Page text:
‘Novel’ status of food from descendants of cloned cattle and pigs
At its meeting in December 2010, the FSA Board made clear its position that the marketing of products obtained from cloned animals should continue to be subject to the Novel Foods Regulation (Regulation (EC) No 258/97), and require authorisation. However, based on the available evidence, the Board agreed that there are no food safety grounds for regulating food such as meat and milk from the descendants of cloned cattle and pigs.
The Agency subsequently sought the views of interested parties on this potential change in the interpretation of the regulation in respect of food from the descendants of cloned cattle and pigs.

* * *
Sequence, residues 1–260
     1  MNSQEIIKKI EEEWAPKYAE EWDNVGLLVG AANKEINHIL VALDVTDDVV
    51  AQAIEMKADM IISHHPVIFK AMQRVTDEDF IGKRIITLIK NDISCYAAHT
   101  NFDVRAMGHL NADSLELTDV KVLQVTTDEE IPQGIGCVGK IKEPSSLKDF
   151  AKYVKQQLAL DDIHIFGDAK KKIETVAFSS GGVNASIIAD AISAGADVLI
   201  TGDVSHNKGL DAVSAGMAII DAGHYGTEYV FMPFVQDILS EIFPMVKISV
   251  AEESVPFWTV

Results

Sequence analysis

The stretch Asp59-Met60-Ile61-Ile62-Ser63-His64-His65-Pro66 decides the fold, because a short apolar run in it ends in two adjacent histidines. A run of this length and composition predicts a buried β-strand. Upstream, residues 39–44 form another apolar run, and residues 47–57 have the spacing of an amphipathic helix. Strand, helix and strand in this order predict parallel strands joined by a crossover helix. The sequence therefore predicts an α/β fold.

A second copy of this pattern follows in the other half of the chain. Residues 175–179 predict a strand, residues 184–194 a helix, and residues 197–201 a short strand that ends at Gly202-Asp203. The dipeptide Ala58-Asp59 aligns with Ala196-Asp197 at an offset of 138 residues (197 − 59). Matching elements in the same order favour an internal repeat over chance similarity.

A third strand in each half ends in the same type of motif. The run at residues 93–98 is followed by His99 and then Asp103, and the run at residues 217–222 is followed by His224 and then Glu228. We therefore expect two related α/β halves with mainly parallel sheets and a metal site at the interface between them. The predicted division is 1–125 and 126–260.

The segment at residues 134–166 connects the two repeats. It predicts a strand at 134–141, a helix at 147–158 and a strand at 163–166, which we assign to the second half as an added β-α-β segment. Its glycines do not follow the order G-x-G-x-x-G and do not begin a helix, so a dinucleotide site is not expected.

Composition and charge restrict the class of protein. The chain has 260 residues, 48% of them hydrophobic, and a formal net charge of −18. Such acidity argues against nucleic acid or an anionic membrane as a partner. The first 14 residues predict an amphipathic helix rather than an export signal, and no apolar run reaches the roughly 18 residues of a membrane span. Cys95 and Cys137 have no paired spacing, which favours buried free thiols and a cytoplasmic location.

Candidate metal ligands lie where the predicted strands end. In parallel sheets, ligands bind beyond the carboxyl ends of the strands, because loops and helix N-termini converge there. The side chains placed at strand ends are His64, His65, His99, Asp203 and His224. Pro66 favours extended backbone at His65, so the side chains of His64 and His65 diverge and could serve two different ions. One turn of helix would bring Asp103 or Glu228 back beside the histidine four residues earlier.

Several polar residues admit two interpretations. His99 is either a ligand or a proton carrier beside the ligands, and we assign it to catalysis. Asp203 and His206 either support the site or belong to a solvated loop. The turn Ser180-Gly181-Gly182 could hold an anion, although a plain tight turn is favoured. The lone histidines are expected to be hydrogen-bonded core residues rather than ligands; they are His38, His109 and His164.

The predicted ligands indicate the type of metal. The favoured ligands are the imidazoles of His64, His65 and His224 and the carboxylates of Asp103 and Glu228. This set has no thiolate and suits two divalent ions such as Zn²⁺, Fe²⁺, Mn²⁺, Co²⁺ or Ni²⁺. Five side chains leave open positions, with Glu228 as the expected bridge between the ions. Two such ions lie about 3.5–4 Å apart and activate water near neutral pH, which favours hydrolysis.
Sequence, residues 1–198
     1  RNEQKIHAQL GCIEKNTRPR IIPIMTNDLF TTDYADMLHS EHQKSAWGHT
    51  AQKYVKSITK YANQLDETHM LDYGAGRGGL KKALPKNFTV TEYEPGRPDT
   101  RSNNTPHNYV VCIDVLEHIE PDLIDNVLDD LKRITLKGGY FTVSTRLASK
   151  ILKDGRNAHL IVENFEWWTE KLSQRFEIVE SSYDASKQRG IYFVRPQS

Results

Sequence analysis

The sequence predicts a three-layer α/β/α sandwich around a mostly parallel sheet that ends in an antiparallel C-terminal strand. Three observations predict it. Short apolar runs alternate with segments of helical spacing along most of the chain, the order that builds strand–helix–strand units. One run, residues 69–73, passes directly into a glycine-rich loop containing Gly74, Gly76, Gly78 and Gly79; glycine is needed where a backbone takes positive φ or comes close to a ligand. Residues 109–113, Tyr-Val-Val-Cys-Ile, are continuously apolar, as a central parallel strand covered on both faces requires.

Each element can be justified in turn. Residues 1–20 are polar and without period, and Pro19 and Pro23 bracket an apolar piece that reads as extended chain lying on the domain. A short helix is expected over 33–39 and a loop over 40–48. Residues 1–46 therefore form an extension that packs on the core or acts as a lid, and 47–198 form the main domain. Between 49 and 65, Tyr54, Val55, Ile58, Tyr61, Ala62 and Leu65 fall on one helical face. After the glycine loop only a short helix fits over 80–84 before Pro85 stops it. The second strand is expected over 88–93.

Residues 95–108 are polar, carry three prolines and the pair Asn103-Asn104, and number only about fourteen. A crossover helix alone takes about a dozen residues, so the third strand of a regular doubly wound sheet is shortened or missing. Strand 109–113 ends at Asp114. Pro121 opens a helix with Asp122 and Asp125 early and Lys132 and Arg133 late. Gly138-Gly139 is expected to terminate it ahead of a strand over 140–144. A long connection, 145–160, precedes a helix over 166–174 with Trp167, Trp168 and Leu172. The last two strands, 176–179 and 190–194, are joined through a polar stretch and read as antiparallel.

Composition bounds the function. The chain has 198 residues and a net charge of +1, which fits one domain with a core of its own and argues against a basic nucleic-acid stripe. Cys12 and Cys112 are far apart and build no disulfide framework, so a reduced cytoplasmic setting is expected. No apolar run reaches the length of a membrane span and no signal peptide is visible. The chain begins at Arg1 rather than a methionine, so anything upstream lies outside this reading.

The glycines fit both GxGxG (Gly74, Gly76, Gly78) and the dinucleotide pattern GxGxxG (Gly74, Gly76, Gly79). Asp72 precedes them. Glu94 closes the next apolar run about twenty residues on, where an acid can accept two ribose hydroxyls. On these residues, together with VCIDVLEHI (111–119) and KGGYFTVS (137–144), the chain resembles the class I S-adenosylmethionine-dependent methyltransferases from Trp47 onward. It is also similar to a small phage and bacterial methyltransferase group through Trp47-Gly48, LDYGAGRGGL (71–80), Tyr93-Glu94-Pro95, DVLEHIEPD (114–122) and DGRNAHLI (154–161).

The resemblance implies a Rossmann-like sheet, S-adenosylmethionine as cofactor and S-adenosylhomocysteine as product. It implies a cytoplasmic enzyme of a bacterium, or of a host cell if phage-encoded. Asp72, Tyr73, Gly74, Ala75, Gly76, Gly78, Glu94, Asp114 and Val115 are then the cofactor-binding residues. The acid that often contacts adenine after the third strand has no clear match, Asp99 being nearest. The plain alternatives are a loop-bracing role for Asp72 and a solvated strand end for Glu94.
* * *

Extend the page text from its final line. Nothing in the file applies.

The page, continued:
The majority of responses received by the FSA did not address the specific question regarding the scope of the regulation but raised various concerns about food safety, animal welfare and ethics. Although some specific questions, including whether the Agency should take factors other than food safety into account when assessing novel foods, were raised and considered by the Agency none of the responses received were viewed to change the overall conclusion reached by the Board.
In view of this, the FSA announced on 13 May 2011 that it had changed its advice on the scope of the novel foods regulation in relation to the descendants of cloned cattle and pigs. In doing so, the FSA indicated that it will investigate what further steps might be taken in light of the continuing consumer concerns over ethical issues in relation to food from cloned animals or their descendants.